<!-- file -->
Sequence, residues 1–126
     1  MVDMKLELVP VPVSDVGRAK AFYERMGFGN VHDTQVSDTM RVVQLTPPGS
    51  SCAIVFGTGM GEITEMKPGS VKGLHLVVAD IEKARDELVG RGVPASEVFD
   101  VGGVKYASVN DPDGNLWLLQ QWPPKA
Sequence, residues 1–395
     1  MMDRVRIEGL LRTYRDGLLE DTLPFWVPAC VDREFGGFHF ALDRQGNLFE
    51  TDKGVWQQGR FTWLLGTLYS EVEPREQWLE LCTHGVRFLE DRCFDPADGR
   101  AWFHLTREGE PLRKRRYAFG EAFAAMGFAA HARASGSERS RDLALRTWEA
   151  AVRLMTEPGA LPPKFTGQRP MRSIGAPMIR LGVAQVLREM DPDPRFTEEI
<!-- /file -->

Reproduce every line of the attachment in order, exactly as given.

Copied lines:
Sequence, residues 1–126
     1  MVDMKLELVP VPVSDVGRAK AFYERMGFGN VHDTQVSDTM RVVQLTPPGS
    51  SCAIVFGTGM GEITEMKPGS VKGLHLVVAD IEKARDELVG RGVPASEVFD
   101  VGGVKYASVN DPDGNLWLLQ QWPPKA
Sequence, residues 1–395
     1  MMDRVRIEGL LRTYRDGLLE DTLPFWVPAC VDREFGGFHF ALDRQGNLFE
    51  TDKGVWQQGR FTWLLGTLYS EVEPREQWLE LCTHGVRFLE DRCFDPADGR
   101  AWFHLTREGE PLRKRRYAFG EAFAAMGFAA HARASGSERS RDLALRTWEA
   151  AVRLMTEPGA LPPKFTGQRP MRSIGAPMIR LGVAQVLREM DPDPRFTEEI